Significantly, numerous studies have proven that gun availability is linked to gun violence. According to a review conducted by David Hemenway of the Harvard Injury Control Research Center, "Case-control studies, ecological time-series and cross-sectional studies indicate that in homes, cities, states and regions in the US, where there are more guns, both men and women are at higher risk for homicide, particularly firearm homicide."
Conservatives who trumpet the BJS study are also ignoring that it indicated a decline in gun homicides, not that the problem of gun violence has been solved. In fact, the level of gun violence in the United States remains at epidemic levels. According to an analysis of data by PolitiFact, around 86,000 people are shot -- including both fatally or nonfatally -- each year due to crime or gun-related accidents. Approximately 18,000 more Americans die in gun suicides. Overall, firearm-related deaths are rising and set to outpace motor vehicle fatalities by 2015:
[Bloomberg, accessed 5/8/13]
Furthermore, the rate of serious gunshot wounds -- those that require hospitalization -- increased by nearly half between 2001 and 2011. The fact that more gunshot victims are surviving their wounds is hardly evidence for the conservative media's support of weaker gun laws. C. William Schwab, director of the Firearm and Injury Center at the University of Pennsylvania, told The Wall Street Journal that medical advances explained why "we are saving many more people we didn't save even 10 years ago:"
[M]ore people in the U.S. are getting shot, but doctors have gotten better at patching them up. Improved medical care doesn't account for the entire decline in homicides but experts say it is a major factor.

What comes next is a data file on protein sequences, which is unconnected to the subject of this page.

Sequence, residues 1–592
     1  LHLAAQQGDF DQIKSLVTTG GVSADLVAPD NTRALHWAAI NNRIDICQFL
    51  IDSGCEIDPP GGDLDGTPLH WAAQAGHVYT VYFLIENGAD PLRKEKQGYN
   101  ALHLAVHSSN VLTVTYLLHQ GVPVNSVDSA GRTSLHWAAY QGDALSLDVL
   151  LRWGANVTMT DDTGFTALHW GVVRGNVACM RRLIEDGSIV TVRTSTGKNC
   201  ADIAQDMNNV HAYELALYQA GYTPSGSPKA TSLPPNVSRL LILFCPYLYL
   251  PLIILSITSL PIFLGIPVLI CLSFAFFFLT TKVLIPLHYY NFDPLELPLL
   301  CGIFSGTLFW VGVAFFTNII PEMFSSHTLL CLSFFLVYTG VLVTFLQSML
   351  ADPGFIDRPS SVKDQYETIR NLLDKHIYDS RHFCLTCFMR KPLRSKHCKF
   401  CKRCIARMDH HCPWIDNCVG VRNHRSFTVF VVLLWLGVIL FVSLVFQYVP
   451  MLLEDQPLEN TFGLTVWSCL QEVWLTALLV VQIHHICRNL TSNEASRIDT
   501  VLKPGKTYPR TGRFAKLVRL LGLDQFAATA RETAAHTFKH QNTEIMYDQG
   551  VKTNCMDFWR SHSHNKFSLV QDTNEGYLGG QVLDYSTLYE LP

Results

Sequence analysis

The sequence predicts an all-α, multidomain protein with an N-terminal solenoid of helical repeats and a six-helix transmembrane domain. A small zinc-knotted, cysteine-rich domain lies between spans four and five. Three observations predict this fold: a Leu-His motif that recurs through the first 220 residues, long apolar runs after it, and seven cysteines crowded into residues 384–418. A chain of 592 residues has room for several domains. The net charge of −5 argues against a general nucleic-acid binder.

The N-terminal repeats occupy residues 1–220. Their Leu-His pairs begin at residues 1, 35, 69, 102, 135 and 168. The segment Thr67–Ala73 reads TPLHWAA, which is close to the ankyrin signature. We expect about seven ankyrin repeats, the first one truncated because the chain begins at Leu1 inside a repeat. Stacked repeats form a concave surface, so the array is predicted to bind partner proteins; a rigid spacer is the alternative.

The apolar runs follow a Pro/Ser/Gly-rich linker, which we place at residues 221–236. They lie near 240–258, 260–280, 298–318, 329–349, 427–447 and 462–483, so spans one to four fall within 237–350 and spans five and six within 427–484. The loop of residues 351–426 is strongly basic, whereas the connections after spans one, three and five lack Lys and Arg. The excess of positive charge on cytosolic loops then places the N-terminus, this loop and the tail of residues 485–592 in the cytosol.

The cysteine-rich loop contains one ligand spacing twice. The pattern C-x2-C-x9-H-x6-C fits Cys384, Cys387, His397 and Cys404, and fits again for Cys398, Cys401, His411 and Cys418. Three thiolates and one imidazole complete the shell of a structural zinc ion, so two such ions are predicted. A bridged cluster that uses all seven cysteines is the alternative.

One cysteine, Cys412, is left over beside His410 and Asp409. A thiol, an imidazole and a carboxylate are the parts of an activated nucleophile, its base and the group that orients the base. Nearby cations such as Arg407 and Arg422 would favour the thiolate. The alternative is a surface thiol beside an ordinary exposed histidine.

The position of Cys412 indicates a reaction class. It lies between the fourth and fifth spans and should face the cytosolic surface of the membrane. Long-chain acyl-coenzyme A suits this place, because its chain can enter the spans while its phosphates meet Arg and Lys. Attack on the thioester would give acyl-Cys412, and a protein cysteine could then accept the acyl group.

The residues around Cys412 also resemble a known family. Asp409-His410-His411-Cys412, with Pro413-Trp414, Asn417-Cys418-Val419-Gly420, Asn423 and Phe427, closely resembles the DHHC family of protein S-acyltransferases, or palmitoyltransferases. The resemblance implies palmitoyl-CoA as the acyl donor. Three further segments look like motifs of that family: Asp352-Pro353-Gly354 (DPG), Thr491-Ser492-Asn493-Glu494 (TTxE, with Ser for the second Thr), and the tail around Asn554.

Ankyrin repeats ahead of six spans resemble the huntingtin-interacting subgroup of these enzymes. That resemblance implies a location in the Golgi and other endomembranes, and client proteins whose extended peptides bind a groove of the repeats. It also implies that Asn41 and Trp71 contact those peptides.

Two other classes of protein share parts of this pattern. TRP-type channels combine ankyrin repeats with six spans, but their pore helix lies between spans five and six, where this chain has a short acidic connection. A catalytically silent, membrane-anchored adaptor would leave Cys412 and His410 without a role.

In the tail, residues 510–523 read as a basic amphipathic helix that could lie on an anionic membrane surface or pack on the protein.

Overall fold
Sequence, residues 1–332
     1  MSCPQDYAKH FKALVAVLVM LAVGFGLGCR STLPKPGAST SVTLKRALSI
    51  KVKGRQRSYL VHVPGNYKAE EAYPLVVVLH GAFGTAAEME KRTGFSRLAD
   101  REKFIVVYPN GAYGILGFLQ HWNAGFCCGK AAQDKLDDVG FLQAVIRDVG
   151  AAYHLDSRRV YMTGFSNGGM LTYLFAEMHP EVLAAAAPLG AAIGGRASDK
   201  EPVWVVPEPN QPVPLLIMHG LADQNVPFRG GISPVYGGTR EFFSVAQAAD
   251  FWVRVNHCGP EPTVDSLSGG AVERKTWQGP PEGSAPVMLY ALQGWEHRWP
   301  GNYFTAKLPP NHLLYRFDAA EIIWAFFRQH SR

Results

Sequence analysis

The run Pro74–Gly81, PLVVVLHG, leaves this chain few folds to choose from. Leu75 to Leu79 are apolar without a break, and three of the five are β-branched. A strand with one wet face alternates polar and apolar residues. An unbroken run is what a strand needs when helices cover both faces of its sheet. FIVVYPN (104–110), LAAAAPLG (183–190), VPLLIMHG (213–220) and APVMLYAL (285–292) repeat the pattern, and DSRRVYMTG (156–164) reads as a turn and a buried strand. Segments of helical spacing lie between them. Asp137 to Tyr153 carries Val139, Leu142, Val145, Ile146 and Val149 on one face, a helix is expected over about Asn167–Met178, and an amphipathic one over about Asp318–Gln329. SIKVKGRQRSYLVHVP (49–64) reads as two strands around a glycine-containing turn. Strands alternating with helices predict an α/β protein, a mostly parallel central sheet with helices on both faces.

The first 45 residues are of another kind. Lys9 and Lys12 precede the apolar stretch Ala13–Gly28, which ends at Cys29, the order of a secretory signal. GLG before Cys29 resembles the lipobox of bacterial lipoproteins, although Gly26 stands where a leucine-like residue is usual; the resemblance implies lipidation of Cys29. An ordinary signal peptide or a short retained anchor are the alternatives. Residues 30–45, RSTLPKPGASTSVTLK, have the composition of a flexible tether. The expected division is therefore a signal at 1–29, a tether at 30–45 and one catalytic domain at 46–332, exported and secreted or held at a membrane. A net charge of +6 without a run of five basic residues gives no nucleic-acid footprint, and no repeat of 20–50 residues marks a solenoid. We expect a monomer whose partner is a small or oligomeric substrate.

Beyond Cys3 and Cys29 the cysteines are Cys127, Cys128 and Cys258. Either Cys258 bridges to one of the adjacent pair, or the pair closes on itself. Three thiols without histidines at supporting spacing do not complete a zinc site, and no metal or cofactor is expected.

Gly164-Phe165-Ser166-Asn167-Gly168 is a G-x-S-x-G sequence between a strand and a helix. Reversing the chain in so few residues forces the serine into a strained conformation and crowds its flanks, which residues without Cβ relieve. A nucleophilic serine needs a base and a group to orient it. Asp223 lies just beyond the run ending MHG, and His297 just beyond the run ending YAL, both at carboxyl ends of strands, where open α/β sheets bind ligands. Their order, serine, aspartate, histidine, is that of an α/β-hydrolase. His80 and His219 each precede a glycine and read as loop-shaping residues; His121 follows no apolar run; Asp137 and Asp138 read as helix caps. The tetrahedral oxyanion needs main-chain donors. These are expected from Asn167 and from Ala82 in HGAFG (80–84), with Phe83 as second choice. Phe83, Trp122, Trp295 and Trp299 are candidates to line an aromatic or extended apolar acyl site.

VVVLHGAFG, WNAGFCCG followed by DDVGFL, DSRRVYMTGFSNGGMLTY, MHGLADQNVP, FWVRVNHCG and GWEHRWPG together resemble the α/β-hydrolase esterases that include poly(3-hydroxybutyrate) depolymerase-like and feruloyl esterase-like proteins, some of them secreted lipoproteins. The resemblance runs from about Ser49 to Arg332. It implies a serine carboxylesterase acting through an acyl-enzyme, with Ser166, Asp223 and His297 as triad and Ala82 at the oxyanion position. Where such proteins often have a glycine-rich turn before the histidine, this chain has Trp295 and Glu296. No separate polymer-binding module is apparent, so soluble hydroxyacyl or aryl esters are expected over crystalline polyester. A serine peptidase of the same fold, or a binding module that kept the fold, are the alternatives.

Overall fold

Emergency-room physicians who treat victims of gunshot and knife attacks say more people survive because of the spread of hospital trauma centers--which specialize in treating severe injuries--the increased use of helicopters to ferry patients, better training of first-responders and lessons gleaned from the battlefields of Iraq and Afghanistan.
"Our experience is we are saving many more people we didn't save even 10 years ago," said C. William Schwab, director of the Firearm and Injury Center at the University of Pennsylvania and the professor of surgery at the Hospital of the University of Pennsylvania.
[The Wall Street Journal, accessed 5/8/13]
Even with reductions in gun homicide, gun crime in the United States remains staggering in comparison to other developed nations.
The rate of gun homicide in the United States still far outpaces other high-income nations, which typically have strong gun laws. A 2003 study by Hemenway that compared the United States to other member countries of the Organization for Economic Co-Operation and Development found that the firearm homicide rate in the United States is 19.5 times the average of other high-income countries.* This disparity contributed to an overall homicide rate 6.9 times higher than other high-income nations.
* Note: According to data from the Centers for Disease Control and Prevention Web-based Injury Statistics Query and Reporting System, firearm homicide has fallen approximately 11 percent since Hemenway's 2003 study, which likely means that the disparity between the United States and other high-income nations has been reduced by a similar proportion.
UPDATE: Rush Limbaugh cited the BJS data to make the claim that gun violence is "a totally made-up crisis ... kind of like global warming" during the May 8 edition of his radio show: